Stormwater Management System Operation and Maintenance

Arbor Greene was designed with many stormwater ponds throughout the community for the treatment and storage of stormwater runoff, as well as, buffering between homes.  In an effort to maximize the house envelope on each lot, the pond maintenance berms were designed on private property along the rear lot lines within easements given to the Arbor Greene Community Development District (the “CDD”), who is responsible for the operation and maintenance of the ponds.  The pond operation and maintenance requirements include:

1) lake management services to control algae and various grasses,
2) water quality compliance with the “wet detention” pond design method,
3) pond slope erosion monitoring and reporting,
4) monitoring of roof drainage connections into ponds, and
4) monitoring and reporting of any pool and/or water conditioner discharges.

The lake management services are performed by a local reputable company that has many years of experience in controlling algae and grasses, and they also understand how the ponds were designed and intended to function.  They can assist in creating healthier stormwater ponds with improved water quality resulting in less chemical treatment.

The ponds were designed as “wet detention” ponds which were intended to function similarly to natural wetland systems and provide pollutant filtration through aquatic plants.  Currently, many of the ponds do not contain vegetation for this necessary treatment resulting in polluted stormwater being continually discharged downstream into wetlands and other water bodies.  Another important thing for residents to understand is that the storm sewer systems that flow into the ponds should be protected against dog waste, chemical, and/or any debris disposal for proper flow and water quality.

District field staff regularly inspects pond slopes for condition and potential for slope erosion. Over many years of inspections, erosion has found to be caused by any combination of the following:

1) regular seasonal fluctuation of the groundwater table,
2) construction methods during the excavation of the ponds,
3) point discharges from pools, water conditioners, and roof drainage,
4) loss of vegetation required to stabilize slopes, and
5) point discharge from side yard swales, particularly from roof drainage.

Tonja L. Stewart, P.E.
Stantec Consulting Services Inc.
Senior Project Manager
CDD Engineer

Help Protect Our Waterways

Tips for Preventing Water Pollution

  • Never dump oils and other chemical from your home directly into stormwater drains, which are direct conduits to your stormwater pond or natural water body. Contact your local government’s waste management department for a list of disposal facilities.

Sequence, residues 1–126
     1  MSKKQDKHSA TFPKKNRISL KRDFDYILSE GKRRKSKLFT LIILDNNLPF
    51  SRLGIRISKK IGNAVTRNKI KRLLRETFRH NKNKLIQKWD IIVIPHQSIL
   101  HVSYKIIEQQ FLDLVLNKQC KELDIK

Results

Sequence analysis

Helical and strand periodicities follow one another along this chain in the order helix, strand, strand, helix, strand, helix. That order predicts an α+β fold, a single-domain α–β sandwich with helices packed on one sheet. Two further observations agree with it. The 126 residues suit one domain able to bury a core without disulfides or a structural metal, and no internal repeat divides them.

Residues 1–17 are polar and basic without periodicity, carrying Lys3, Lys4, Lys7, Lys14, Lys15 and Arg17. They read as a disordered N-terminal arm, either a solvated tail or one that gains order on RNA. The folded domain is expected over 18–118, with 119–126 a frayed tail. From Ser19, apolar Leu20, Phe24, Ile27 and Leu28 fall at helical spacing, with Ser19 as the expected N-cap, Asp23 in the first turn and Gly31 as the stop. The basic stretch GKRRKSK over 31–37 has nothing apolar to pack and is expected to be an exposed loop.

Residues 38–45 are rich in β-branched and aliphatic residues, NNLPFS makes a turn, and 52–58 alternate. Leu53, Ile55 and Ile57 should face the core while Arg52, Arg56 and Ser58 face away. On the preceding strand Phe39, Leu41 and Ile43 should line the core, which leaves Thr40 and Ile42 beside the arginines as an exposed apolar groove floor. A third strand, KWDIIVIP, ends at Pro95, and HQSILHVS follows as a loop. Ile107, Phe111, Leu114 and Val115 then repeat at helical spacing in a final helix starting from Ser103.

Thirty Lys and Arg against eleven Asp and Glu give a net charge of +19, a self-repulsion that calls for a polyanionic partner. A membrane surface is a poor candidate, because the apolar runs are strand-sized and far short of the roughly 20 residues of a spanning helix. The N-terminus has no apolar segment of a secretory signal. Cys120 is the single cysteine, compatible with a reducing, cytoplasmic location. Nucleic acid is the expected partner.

• Keep vehicle tuned up and in good operating condition. Check for drips and repair leaks immediately to keep nuisance oils off pavement.
  • Buy low- or no- phosphate cleaners and detergents. Phosphates act as a fertilizer and increase algae and aquatic weeds in stormwater ponds. When these plants die, they rob the water of oxygen and fish may die.
  • Wash your vehicles, bicycles and home equipment on the lawn, where soapy water can’t quickly run toward the nearest storm drain, picking up other pollutants as it goes. Wash your car with nontoxic, low-phosphate soap and use water sparingly.
  • Sweep walks and driveways instead of hosing them down.
  • Clean up pet waste from which nutrients and bacteria can enter the stormwater drains and contaminate the water system.
  • Avoid cutting your lawn too short, which reduces its effectiveness in capturing runoff, leaving it taller will help it to survive dry periods.

Chemical Use on Landscape

  • Use nontoxic chemical alternatives whenever possible and pull weeds by hand.
  • Avoid overuse of fertilizers, especially near the water’s edge. Rain and lawn watering can wash excess fertilizer into water bodies where excess nutrients cause algal blooms (green pond scum) and undesirable weed growth. The University of Florida’s Institute of Food and Agricultural Sciences recommends using fertilizers with a high percentage of slow-release, the less chance of leaching into Florida’s water bodies.  Proper fertilizer application can result in less mowing, fewer nutrients washing into ponds and water bodies, and fewer insects and disease problems.
  • Use only herbicides labeled for aquatic use when maintaining stormwater ponds. Herbicides not labeled for aquatic use may harm fish and other aquatic life, and their application to aquatic sites is prohibited by state and federal law.
  • Wait until grass is actively growing to apply fertilizer. Fertilizer applied when grass is not growing wastes your money and time and can contaminate your water.

Southwest Florida Water Management District. Stormwater Systems in Your Neighborhood. Brooksville: Southwest Florida Water Management District, n.d. Print.

What is an illicit or illegal discharge?

  • Any substance released into the separate storm water drainage system that is not composed entirely of stormwater or uncontaminated groundwater. Examples of illicit discharges include dumping of motor vehicle fluids, household hazardous waste, paint, pool water, grass clipping, leaf litter or animal waste.

What should I do if I see an illicit or illegal discharge that could affect our Stormwater Management System? 

  • Please contact the Hillsborough County Stormwater Emergency Operations Center (813) 272-5912, or (813) 272-6900, City of Tampa Stormwater Division – Illicit/Illegal Discharge (813) 274-3101, or the Arbor Greene CDD Community Manager (813) 991-9226 ext. 7.

Below are a few documents to help better understand our Stormwater Management System (click on titles to open document)

Keep Tampa Bay Beautiful - Storm Drain Pollutants